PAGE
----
• Use apps like Lingbe, Anki, Memrise, or Duolingo, which will help you make progress in your free time no matter where you are.
  • Listen to podcasts in Chinese, which are great to get used to Chinese sounds and develop your listening skills. Great options for beginners are Slow Chinese, ChineseClass101, and ChinesePod.
  • Listening to music in Chinese is a great way to improve retention and recall of new words. If you don’t know any Chinese musicians, these are some amazing artists you can follow if you want to learn Mandarin.
  • If you want to meet native Mandarin speakers that can help you make your first sentences in Chinese, you can attend local Chinese Language Meetup Groups, or use websites like PolyGlot Club or Interpals to make new friends from all around the world.

4. Master the Mandarin Chinese Pronunciation System

As you probably heard, Chinese is a tonal language, which means Chinese speakers convey meaning by using four different tones. Learning the difference between them is crucial because depending on which tone you use, the meaning of a word can change radically. The four tones are:

  • The first tone, marked as in pinyin, is also called the level tone. It sounds flat and consistent.
  • The second tone, marked as , is also called the rising tone. It starts with a low pitch and then goes up.
  • The third tone, marked as , is also called the fall-rise tone. It starts at a high pitch, drops, and then it goes up again.
  • The fourth tone, marked as , is also called the falling tone. It starts high and then it drops.

If you don’t learn to make these four different tones, it will be pretty hard for natives to understand you. Because of that, the smartest thing you can do is get the help of a teacher to sound like a native and master Chinese pronunciation.

5. How to Learn the Chinese Characters

As we previously stated, you need to learn between 2,000 and 3,000 Chinese characters to be considered literate in the language. Although some people just memorize symbols one by one, there are some useful methods you can use to learn them more quickly.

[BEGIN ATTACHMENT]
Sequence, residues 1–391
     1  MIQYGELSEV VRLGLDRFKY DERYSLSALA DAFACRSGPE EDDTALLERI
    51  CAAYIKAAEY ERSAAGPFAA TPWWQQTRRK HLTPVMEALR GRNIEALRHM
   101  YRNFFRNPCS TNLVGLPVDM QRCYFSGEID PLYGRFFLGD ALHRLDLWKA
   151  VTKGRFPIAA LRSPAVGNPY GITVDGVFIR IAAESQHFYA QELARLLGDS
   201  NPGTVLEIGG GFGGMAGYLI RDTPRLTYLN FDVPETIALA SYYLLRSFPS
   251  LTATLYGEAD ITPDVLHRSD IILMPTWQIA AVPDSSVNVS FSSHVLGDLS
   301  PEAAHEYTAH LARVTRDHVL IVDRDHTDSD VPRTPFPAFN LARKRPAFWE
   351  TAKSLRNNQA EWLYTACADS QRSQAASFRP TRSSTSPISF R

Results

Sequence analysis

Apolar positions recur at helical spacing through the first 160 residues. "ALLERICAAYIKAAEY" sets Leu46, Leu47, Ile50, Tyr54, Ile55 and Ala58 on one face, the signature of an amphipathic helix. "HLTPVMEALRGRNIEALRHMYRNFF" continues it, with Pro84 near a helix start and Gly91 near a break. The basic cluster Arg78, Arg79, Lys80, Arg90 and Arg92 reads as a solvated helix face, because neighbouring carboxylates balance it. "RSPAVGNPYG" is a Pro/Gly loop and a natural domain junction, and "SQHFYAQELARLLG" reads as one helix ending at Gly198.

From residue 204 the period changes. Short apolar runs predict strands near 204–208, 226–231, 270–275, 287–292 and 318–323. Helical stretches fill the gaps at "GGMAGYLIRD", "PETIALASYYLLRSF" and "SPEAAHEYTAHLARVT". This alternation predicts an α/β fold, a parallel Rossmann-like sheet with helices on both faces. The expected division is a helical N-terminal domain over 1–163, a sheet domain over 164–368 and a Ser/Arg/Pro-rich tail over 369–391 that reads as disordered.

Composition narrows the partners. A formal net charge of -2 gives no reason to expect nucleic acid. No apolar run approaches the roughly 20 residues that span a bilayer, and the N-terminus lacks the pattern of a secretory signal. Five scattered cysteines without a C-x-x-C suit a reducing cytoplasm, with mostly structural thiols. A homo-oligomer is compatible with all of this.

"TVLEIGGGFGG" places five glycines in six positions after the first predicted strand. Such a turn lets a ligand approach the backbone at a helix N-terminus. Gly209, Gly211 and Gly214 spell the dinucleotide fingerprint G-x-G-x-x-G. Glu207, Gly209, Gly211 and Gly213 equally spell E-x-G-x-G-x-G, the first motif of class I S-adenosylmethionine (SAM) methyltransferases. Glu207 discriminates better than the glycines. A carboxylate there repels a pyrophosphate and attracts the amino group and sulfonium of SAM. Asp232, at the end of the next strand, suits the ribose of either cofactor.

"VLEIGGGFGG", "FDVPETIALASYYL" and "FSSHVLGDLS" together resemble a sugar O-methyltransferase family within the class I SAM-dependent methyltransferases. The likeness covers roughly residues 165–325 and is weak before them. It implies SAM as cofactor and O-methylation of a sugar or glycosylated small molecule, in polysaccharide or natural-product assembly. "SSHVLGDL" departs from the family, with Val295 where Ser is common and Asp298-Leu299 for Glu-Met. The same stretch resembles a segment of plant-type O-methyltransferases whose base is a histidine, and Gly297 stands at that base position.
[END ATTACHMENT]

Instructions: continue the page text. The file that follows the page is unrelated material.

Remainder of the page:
• Learn the simplest characters first, which will help you form more complex words later. Some of them are numbers 1 to 10:
    ⼀ (yī) – “one”
    ⼆ (èr) – “two”
    三 (sān) – “three”
    四 (sì) – “four”
    五 (wǔ) – “five”
    六 (liù) – “six”
    七 (qī) – “seven”
    ⼋ (bā) – “eight”
    九 (jiǔ) – “nine”
    ⼗ (shí) – “ten”
  • When you learn these simple characters or more complex ones, remember to study the order of strokes, which will accelerate the memorization of these characters and unlock a deeper understanding of their structure.
  • Learn the pronunciation of each new character you learn. This is really important, as there’s no point in learning lots of new characters and their meanings if you can’t pronounce them.

6. Learn Chinese Culture

Learning the different tones and characters is a big part of studying Chinese, but so is expanding your knowledge of Chinese culture. This will ensure you understand cultural references when you watch Chinese movies and TV shows, and that you truly appreciate this fascinating culture. If you don’t know much about Chinese culture, take a look at some of the most important elements you need to know.

China is highly influenced by Confucianism

Confucianism is a system of social and ethical philosophy that helped establish the social values, institutions, and transcendent ideals of traditional Chinese society. It places a heavy emphasis on the importance of respect for rulers, family, and social harmony, and the more you know about it, the more you’ll understand the way the Chinese behave and see the world.

The Chinese Calendar

Although nowadays the Gregorian calendar is also used, the Chinese have a traditional calendar that identifies years, months, and days according to astronomical phenomena. It governs many important holidays, like the Chinese New Year and Lantern Festival, so if you’re interested in these celebrations, you should check it out.

Chinese Festivals

If you live in a big city, you probably attended some of the impressive celebrations that take place every year in the United States that commemorate dates that are important to the Chinese. The most common examples are the Chinese New Year and the Lantern Festival, but there are other holidays that you should know about, like the Qingming Festival, where the Chinese visit burial sites to pay respect to their ancestors, or the Dragon Boat Festival, where people gather to watch boat races and eat rice dumplings.